More”. They won‟t be happy. You won‟t be popular anymore, but
they‟ll thank you in the morning – well, maybe the morning after
that! But still, it‟s important for you to help your friends or customers
realize that when it‟s time to stop, it‟s time to stop. Here are some
telltale signs:

         1. Speech is slurred. When “Another drink please” sounds
            like “Uhnuva grink peas”, it‟s time to stop.

         2. The person can no longer stand without the aid of a prop.
            To test this theory, kneel down behind the bar quickly
            then come back up. If the patron is on the floor, it‟s time
            to stop.

         3. When he or she tells you they love you more than twice,
            it‟s time to stop. Sure they love you tonight, but will they
            respect you in the morning?

         4. When their bar tab looks like the working yearly budget
            of a small country, it‟s time to stop. Unless you‟re serving
            Donald Trump, cut „em off! Of course, if you‟re serving
            Donald Trump, call me!


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        5. If anyone starts dancing on the bar --- IT‟S TIME TO
           STOP! Even if it‟s the hot chick who has been flirting with
           you all night long or the long retired Chippendale dancer,
           the show won‟t be worth the consequences – no really, it
           won‟t!

        6. If anyone insists they can drive, it‟s time to stop. Sober
           people don‟t feel the need to justify their abilities to
           handle a motor vehicle – drunken people do. Cut them
           off and find them a friend to drive them home.

     If you‟re having a party in your home – with YOU as the
bartender, here are some party safety tips:

   Don't serve alcohol to someone under the legal drinking age.
    Check identification; don't allow the serving of alcohol to or
    consumption of alcohol by those without proper identification.

   Keep the number of guests at a manageable number; avoid
    violations of occupancy limits. Don't allow uninvited guests to
    "crash" the party.

   Don't let guests mix their own drinks. Choose a reliable
    bartender who will help keep track of the size and number of
    drinks guests consume.

   Remember that beer can be just as intoxicating as hard liquor.
    A 12-ounce can of beer, a five-ounce glass of wine, and a 12-
    ounce wine cooler contain the same amount of alcohol and the
    same intoxication potential as an ounce-and -a-half of liquor.

   Prepare plenty of foods so guests will not drink on empty
    stomachs. Avoid salty foods, which make people thirsty and
    drink more.

   Monitor outside activities. Don‟t allow guests to carry open
    containers of alcohol in public places. Don‟t allow guests to


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     park their vehicles illegally.

   Be a good neighbor. Keep music, people-noise and trash/litter
    levels at a minimum. Clean outside litter immediately after the
    party.

   Ask boisterous or rude guests to leave. One such guest can ruin
    the party for others.

   Offer a variety of non-alcoholic beverages for the designated
    driver and/or for those who prefer not to drink.

   Do not push drinks!!! Drinking at a party is not mandatory for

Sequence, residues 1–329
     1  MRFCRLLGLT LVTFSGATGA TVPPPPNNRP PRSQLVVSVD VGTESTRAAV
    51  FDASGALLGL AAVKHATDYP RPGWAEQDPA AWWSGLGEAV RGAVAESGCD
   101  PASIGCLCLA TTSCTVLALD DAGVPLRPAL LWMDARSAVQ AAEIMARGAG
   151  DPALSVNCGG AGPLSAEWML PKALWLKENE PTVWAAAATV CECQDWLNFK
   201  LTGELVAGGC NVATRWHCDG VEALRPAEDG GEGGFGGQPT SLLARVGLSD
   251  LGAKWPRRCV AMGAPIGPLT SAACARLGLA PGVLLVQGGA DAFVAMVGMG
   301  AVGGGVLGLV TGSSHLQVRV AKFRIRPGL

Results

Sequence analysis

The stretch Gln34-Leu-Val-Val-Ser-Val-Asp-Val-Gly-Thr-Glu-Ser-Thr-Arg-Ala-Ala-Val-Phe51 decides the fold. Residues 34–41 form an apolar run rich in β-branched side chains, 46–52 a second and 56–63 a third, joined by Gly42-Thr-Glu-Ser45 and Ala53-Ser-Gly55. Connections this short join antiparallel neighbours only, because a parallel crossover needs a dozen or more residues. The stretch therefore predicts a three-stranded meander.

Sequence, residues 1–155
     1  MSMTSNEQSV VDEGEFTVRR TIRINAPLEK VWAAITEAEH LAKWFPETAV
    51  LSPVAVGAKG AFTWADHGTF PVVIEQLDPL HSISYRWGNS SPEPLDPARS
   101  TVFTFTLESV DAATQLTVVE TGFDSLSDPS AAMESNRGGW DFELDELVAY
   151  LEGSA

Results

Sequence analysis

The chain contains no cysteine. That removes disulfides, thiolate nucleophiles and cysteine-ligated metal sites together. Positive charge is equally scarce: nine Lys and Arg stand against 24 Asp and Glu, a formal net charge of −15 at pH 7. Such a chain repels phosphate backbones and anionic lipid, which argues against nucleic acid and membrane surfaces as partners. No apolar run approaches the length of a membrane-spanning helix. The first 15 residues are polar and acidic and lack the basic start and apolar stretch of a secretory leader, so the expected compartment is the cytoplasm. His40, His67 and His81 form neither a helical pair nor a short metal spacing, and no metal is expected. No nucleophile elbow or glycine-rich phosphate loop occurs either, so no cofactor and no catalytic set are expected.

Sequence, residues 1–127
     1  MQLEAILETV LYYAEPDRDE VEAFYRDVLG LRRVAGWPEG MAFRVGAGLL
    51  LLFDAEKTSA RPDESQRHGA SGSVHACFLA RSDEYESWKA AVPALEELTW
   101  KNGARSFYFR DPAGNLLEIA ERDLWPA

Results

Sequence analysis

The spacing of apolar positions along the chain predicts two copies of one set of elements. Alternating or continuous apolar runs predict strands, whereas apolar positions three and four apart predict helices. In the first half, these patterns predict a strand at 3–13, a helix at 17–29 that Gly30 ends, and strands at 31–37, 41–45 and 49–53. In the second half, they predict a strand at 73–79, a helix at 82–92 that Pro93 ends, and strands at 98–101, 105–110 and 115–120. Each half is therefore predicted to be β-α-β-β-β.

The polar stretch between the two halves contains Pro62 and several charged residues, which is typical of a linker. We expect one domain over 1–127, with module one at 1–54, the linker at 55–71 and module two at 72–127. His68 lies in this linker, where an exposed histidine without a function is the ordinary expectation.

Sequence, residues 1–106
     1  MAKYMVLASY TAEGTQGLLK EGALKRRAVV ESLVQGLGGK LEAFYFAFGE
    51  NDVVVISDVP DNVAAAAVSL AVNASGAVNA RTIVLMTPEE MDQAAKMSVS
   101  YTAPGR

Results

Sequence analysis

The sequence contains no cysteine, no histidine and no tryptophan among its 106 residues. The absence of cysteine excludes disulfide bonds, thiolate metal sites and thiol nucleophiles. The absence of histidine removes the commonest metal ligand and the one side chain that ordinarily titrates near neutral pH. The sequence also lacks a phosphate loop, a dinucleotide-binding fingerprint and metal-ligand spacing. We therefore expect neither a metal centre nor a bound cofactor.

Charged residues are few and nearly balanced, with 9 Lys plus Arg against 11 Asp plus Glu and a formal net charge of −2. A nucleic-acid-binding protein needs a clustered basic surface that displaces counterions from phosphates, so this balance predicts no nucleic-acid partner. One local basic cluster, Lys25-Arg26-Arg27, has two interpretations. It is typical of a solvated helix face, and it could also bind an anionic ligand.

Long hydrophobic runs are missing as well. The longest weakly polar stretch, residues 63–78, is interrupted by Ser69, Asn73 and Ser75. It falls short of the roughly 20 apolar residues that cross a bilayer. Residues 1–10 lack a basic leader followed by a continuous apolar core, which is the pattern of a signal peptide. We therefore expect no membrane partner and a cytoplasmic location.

having a good time.

   Close the "bar" 90 minutes before the party ends and serve
    non-alcoholic drinks or foods and coffee. Remember, though,
    only time sobers who are intoxicated.

   Politely, but firmly, tell intoxicated guests that you cannot let
    them drive home because you care. Arrange for designated
    drivers to taxi party-goers to their destination.

   Become familiar with signs of alcohol poisoning and treatment.

   Cooperate with police. They are usually there because someone
    has complained. A spirit of cooperation will help in reducing the
    need for enforcement actions.

      For those of you who are thinking of bartending as a
profession, here are a couple of tips for you.


                        GOING TO THE BIG SHOW

       There are bartending schools all over the country. A simple
Google search will show you where the nearest one to you is. If you
feel like spending a lot of money to learn what we‟ve just told you

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about, by all means, go right ahead. However, most local bars won‟t
care if you‟ve gone to Bartending University. On-the-job training is
the best. But a basic knowledge will help you along the way. We do
have a few suggestions to help you along the way.

     Welcome all of your customers as though you know them and
      introduce yourself. Remember their names and welcome them,
      using their names, the next time they visit. (Keep a legal pad if
      you need too, “gray beard, thick glasses, name George, drinks
      Bud”…and any quirks you can note that will help you recall.
      Failing that just say “Hey good to see you again!” Just think of
      it like if you were having a party in your own home.. It‟s easy!

     Always keep in mind what their drink of choice is and be
      prepared to offer them their preference. You should already
      know the names and preferences of your regulars.

     If a customer comes accompanied by a date or companion,
      treat them both as if they are royalty, address the customer as
      in “Wonderful to see you again, Mr. or Ms so and so (if they are
      a regular). And what can I do especially for your guest?” Be
      sure to use the finest glass for their friend. If you treat them
      with that sort of respect, you cannot only expect a nice tip, but
      you can bet that they will be back over and over, and looking
      for you.

     Yes, do remember jokes. Remember them when you hear them
      and study them on the Internet. Internet jokes are so boring
      that most of us just delete them, but the telling of a joke is just